Now, something really scary. I pondered it aloud early on during Astrogate, but it’s worth revisiting for now. Trevor Bauer, pitcher, is as well known for his hobby of building and flying camera-wielding drones (he once sliced a finger repairing one during the 2016 World Series, when he pitched for the Indians) as for his unusual training methods.

Bauer once demonstrated his drones to television technicians for potential game coverage techniques, including showing them a panorama flight around Progressive Field and following Indians outfielder Tyler Naquin around the bases when Naquin hit an inside-the-park home run in a game.

Don’t assume someone isn’t pondering Bauer’s drones and their prospects for sign-stealing once they master the building and deployment of those drones. Or, if somebody actually dreams that up, some team or maybe even an umpiring crew preparing strategic defense initiatives. (Wouldn’t that be a sight at the old ball game—time called to shoot down drones?)

If you think that can’t really happen here, I have an Antarctican beach club to sell you cheap. Because whatever comes down upon the Astros and anyone else Manfred and his bloodhounds uncover as guilty of off-field-based sign espionage, and whatever heavy sanctions Manfred drops on the culprits, boys will be boys. Always have, always will.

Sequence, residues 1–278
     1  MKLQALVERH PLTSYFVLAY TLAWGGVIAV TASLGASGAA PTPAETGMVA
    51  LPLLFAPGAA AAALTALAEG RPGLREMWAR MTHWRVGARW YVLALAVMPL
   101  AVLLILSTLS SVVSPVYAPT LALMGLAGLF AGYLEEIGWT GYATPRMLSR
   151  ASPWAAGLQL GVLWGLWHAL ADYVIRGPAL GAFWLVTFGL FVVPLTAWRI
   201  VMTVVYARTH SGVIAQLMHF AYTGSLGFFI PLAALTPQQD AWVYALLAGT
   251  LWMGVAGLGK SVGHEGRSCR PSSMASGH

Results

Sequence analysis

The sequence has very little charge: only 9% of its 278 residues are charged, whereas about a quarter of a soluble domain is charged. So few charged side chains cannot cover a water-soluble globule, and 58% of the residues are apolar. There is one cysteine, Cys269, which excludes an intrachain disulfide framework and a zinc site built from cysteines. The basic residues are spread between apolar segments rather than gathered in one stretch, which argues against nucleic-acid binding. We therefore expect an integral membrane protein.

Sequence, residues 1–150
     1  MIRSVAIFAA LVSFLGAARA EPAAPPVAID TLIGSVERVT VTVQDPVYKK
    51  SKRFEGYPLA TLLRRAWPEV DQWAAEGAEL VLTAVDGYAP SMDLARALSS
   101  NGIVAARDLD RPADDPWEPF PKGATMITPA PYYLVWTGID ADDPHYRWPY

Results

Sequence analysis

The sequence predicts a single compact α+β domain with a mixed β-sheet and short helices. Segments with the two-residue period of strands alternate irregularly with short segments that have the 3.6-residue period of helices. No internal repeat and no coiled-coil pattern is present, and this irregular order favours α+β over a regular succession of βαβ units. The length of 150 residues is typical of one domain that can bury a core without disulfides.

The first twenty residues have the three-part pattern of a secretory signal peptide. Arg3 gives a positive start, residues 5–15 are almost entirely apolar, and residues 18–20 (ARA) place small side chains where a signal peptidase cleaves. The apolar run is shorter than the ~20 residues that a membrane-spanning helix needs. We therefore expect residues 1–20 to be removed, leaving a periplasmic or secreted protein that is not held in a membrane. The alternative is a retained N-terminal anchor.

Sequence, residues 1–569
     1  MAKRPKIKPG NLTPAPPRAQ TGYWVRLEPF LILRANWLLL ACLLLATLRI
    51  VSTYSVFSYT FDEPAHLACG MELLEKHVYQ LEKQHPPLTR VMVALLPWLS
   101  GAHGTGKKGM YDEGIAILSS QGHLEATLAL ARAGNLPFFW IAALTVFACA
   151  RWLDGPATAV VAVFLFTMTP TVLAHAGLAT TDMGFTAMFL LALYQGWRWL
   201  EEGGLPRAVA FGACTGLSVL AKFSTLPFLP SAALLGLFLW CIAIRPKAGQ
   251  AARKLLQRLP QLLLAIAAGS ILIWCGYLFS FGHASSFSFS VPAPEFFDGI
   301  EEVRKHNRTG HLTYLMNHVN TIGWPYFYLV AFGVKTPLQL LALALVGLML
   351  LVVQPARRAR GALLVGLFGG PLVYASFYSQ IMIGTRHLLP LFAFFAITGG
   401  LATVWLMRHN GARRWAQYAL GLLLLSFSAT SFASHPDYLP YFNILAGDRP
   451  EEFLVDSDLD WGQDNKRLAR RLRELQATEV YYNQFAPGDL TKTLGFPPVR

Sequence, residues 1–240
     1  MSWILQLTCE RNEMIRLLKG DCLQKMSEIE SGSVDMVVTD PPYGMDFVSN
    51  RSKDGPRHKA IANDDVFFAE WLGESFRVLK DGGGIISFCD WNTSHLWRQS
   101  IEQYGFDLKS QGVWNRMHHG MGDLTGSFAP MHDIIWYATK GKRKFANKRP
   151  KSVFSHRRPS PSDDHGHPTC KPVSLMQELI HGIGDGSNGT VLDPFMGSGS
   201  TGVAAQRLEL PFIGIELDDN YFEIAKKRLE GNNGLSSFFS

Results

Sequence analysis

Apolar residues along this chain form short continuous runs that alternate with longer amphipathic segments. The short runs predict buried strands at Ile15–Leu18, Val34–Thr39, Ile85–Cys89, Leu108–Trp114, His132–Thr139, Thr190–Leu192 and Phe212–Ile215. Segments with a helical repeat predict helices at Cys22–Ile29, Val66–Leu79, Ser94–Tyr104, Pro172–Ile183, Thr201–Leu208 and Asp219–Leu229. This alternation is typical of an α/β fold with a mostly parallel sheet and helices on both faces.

Smile! You’re on Candid Camera

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The Polo Grounds clubhouse behind center field. Leo Durocher’s coach Herman Franks sat in one of the windows with a spy glass buzzing stolen signs to the Giants bullpen down the 1951 stretch and possibly in the fabled pennant playoff.

Once upon a time there was a major league catcher whose eventual biography was called The Catcher Was a Spy. But Moe Berg took up his life with the old Office of Strategic Services after his baseball career expired.

Other than possible on-field gamesmanship, Berg wasn’t exactly known for applying advanced surveillance techniques to baseball when he played. The well-educated catcher about whom it was said he mastered a dozen languages but couldn’t hit in any of them waited until World War II to practise intelligence.

After that life ended for him, Berg lived as best he could as a nomadic shadow man who preferred the company of those who’d ask him anything except about himself. And his is the only known baseball card on display at the headquarters of the CIA.

There may be some now who think a few more ought to join Berg’s card there. A few Astros, a couple of Red Sox and Yankees, a Phillie or three, a couple of Braves and Tigers, a Giant or three yonder, and maybe a few more elsewhere.

That, of course, would depend on whether baseball’s government is serious about investigating espionage in the ranks, now that former Astros/current Athletics pitcher Mike Fiers has, shall we say, pulled some of the deep cover away from an apparent high-tech sign-stealing operation by the Astros Intelligence Agency.

An ESPN writer, Buster Olney, advises one and all not to hold their breaths. Partially because the Astros say they’re investigating their own cheating, which some might compare to a police department investigating its own corruption: